by George Lekovic
Producers must produce, no matter what the circumstance. For Here and There, which shot in New York and then Belgrade, we faced the burning down of the U.S. embassy and the call for all Americans to leave Serbia. This was the week before we were scheduled to start shooting in Belgrade.
David Thornton, our lead American actor, called me from a diner in Los Angeles. He was eating a sandwich and watching the embassy burn. He was, quite understandably, worried. So I lied to him. “Nothing to worry about,” I said. “It happens every day. It’s actually quite normal. After every soccer match, something burns down.” Somehow, that made David more confident.
Then the U.S. State Department withdrew its staff from Serbia, and suggested all American citizens leave the country. That happened the day we all flew to Serbia. But somehow I convinced the cast and crew to stay and make the movie.
Our tenacity and confidence worked out. The sane majority of Serbs greeted this Serbian-American film with open arms, and collaborated happily on the production. During the shoot, we even tried to set up a meeting of U.S. diplomats and Serbian officials on our set. That didn’t happen, but we still got a mighty fine film.
Here and There opens New York City at the Quad on May 14, Los Angeles at the Laemmle Music Hall on May 21, and many other cities soon after. The film won an award at the Tribeca Film Festival last year, and director Darko Lungulov serves on one of Tribeca’s juries this year.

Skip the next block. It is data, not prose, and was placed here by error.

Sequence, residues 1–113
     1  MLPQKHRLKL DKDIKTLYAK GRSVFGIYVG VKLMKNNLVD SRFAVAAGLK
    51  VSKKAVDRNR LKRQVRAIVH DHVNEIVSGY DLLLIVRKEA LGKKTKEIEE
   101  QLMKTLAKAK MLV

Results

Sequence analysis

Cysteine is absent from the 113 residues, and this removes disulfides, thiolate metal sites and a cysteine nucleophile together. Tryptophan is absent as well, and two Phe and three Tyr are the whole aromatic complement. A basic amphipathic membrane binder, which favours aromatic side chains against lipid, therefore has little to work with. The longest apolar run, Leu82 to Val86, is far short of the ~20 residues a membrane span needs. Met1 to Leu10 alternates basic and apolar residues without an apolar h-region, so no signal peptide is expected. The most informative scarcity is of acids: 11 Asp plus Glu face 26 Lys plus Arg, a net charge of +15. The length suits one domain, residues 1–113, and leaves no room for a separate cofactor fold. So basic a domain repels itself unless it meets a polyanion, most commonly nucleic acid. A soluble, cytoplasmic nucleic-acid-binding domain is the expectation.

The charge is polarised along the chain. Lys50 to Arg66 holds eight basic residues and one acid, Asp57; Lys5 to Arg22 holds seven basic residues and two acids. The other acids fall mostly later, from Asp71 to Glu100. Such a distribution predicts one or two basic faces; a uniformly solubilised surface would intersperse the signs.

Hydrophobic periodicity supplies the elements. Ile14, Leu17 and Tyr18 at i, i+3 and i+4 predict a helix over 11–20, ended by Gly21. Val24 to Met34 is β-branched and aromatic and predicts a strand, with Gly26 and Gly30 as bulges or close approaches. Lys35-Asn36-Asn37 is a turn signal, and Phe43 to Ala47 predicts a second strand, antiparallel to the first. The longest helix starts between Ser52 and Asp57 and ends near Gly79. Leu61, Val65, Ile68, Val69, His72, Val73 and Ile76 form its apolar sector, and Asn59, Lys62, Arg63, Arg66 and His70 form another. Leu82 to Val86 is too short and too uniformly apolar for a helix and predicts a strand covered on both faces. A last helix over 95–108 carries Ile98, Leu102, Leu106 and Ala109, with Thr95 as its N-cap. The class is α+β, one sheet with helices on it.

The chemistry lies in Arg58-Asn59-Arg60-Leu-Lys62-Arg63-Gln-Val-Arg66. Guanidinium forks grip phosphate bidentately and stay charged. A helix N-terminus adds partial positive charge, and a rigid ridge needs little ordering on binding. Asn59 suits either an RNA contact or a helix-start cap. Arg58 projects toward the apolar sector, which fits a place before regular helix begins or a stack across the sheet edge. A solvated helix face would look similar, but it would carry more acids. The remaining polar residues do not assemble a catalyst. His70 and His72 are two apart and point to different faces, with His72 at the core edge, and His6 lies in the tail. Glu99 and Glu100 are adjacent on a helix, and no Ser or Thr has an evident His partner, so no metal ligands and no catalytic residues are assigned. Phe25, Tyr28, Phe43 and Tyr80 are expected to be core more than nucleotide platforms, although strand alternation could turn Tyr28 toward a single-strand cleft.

Serj Tankian is a profoundly international artist – born in Beirut of Armenian heritage, grew up in Los Angeles, now lives in New Zealand – and his fanbase, too, is all around the globe. So it’s completely appropriate that our fan-sourced release of Serj’s movie the Elect the Dead Symphony has gone international. Check out the constantly evolving list of venues.
Thanks in large part to Serj’s own fans, who have suggested screenings and then helped make them happen, Cinema Purgatorio has taken its first bookings ever in Italy and South Africa, with dates in Armenia, Poland, Lebanon, and New Zealand likely coming soon. Meanwhile, some young friends in Brazil have complained about the lack of bookings in Latin America. We don’t like that either. So, let’s make something happen.
That said, our emphasis remains North America, and we’ve taken 19 dates so far across the U.S. And as a New York City company, we’re elated to be screening this symphonic film at the legendary Leonard Nimoy Theatre at Symphony Space.
The kinds of venue are profoundly mixed. In Turin, Italy, we’re showing at the Museo Nazionale del Cinema, while in Chicago we’re screening at Lincoln Hall, a rock club recently constructed from the old Threepenny Cinema, near where John Dillinger was shot.
Meanwhile, we’re also taking orders for copies of the movie and CD, and encourage iTunes buyers to preorder it there.
Such heterogeneity of geography, venue-type, and method is integral to Cinema Purgatorio’s approach. These days, lots of film people issue endless press releases and hold repetitive, self-promotional panels about the new world of distribution and exhibition. Their directives generally include working directly with an internet oriented fanbase, across physical platforms and geographical borders, open to unique screening conditions and adjusting release windows. We’re never on those panels. We’re too busy executing today what the people on those panels prophesy for tomorrow.
If you’re a Serj fan, or just a curious Cinema Purgatorio follower, we hope you’ll check out our list of screenings, and if one’s not near you, consider working with us to set one up. Wherever you are.